Since this year, some EAC partner states (Kenya, Uganda and Rwanda) will use the single tourist visa. Tourists can easily visit some attractive sites in the country. Therefore, Burundi City’s Museum has some interesting things to show them.-By Diane Uwimana
Set up in 1977, the National Museum (Musée vivant) is one of the first curiosities determining or bearing cultural, natural and artistic heritage of Burundi. The Museum is situated in a vast park at Rohero Commune in Bujumbura City Council and includes both natural and man-made attractions. At the entrance of the Museum, there are different guides in order to facilitate the tourists’ visits. Local and foreigners do not pay the same entry fees to get access to the Museum. For adult Burundians, they pay BIF 2000 while children only pay BIF 1000. Foreign adults and children pay only BIF 5000 and BIF 2000 respectively to discover and witness the good things located in that natural and man-made attractions’ museum. During the guided visit, you can explore different species of crocodiles: one is from Lake Tanganyika and others are from Rusizi River (these are very dangerous considering their dangerous muzzle and aggressive flexibility). Eight crocodiles are lying quietly in their special area with swimming pools according to their size: five are female, others are male. What is more interesting, they have their own names: Jules is 48years old; Juliette is 28, Lacoste 38 and Patrice 16. The experienced guide of the zoo makes the visitors enjoy their time the way he handles the different snakes and crocodiles very easily and safely. Briefly speaking, he masters everything in the Museum. People can find different species of snakes such as banana green snakes, vipers from Gabon, cobras, “boomslangs”, pythons…. Inside the museum, you can also discover an aquarium of rare types of fish from Lake Tanganyika, some birds, antelopes and tortoises, one leopard and one Chimpanzee. Furthermore, there is a terrific, marvellous and interesting royal palace in which people may enjoy handicrafts made by talented local artists from every corner of the country. In a so-called natural house ‘Maison de la nature’, visitors may see some kinds of traditional tools used by Burundians in their daily life as well as some pictures of former different kings and princesses. In a nutshell, the City’s Museum is one of the mirrors of Burundian culture.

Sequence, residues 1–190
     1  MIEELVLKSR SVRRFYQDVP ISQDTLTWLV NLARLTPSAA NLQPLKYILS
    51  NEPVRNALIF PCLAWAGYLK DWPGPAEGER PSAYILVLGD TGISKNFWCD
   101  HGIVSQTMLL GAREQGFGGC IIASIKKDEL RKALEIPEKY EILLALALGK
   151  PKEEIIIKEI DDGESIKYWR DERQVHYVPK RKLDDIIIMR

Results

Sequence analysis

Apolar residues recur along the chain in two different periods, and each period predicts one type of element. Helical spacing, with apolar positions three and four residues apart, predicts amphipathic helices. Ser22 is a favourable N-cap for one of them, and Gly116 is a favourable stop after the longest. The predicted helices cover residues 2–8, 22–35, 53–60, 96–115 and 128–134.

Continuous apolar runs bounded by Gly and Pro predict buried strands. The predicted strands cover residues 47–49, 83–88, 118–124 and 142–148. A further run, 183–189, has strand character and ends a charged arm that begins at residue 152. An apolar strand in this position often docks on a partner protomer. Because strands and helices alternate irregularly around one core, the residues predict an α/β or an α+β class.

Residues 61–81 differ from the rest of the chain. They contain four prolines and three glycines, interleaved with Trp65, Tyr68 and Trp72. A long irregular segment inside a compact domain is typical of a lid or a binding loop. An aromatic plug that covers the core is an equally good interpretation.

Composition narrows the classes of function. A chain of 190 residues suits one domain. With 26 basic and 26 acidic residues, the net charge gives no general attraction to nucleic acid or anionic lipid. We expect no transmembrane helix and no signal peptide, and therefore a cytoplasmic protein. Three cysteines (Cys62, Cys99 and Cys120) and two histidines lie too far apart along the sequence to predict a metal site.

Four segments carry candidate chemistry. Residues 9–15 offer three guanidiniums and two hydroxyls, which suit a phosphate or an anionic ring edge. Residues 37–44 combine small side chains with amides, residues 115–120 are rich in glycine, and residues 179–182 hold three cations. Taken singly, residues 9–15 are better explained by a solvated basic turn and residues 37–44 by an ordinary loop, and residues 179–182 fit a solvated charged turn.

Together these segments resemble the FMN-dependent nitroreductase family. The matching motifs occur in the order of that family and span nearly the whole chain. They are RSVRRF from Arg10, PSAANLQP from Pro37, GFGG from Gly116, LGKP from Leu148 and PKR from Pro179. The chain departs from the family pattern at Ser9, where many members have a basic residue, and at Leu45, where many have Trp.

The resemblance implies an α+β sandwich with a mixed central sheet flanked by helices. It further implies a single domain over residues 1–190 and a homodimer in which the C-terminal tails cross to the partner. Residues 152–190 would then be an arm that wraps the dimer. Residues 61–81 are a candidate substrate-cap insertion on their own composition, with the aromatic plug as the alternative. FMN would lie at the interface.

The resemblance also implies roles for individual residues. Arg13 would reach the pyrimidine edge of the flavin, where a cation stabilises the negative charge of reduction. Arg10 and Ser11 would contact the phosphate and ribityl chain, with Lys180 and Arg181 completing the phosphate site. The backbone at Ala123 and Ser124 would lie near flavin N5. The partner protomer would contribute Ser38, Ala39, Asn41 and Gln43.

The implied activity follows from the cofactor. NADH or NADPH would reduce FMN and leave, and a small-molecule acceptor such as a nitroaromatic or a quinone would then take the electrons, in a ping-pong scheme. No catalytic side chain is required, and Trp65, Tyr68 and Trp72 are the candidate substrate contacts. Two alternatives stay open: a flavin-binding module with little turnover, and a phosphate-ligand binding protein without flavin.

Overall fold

“The Museum needs more support”
Most of the animals living in the Museum eat meats. Only that Leopard is given six kilos of meat per day. “Fortunately, we feed it on odd days. Otherwise, we would close this museum if we were obliged to feed it every day. In fact, the government does not give us any budget for managing this park,” notes Fulgence Sindayihebura, the Manager of the Museum. He indicates that the Museum survival depends on the little amount of entrance fees they get. “The income increases following the seasons. If it is in summer (sunny or dry season), we receive many tourists while in the rainy season, their number decreases very much,” mentions Sindayihebura. For instance, this October 2013, the city’s museum has welcomed 476 local adult people and 299 children. Adult and young foreigners were 205 and 58 respectively. But in summer, the number rises step by step. In June 2013, local grown-up people were 461 while children were 561; foreigner adult swere242 and children 127. “It is thanks to these entrance fees that the Museum succeeds to sort out its monthly expenses. The national slaughterhouse helps in supplying us meat for the animals,” adds the museum Manager. The Manager points out that the museum is going to improve and increase the number of animals in order to attract many tourists. “We are going to look for other tigers, chimpanzees, baboons, antelopes and other species of snakes. And I take this opportunity to call upon Burundians to develop a spirit of curiosity and come to witness themselves the natural and man-made attractions in this Museum. This will motivate even foreigners to come to visit this touristic place,” underlines Sindayihebura.